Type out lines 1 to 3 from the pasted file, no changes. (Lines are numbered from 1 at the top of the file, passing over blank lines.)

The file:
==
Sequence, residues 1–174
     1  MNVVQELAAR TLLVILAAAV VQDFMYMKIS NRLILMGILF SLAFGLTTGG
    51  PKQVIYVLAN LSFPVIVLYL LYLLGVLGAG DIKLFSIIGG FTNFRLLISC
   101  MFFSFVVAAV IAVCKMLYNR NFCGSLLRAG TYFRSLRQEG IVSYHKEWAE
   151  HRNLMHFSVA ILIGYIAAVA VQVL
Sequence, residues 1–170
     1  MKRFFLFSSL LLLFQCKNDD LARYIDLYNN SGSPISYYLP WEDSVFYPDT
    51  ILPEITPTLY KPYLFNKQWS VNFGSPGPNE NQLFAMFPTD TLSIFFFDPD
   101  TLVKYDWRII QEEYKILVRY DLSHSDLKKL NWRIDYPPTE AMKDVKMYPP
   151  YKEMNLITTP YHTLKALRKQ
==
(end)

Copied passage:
Sequence, residues 1–174
     1  MNVVQELAAR TLLVILAAAV VQDFMYMKIS NRLILMGILF SLAFGLTTGG
    51  PKQVIYVLAN LSFPVIVLYL LYLLGVLGAG DIKLFSIIGG FTNFRLLISC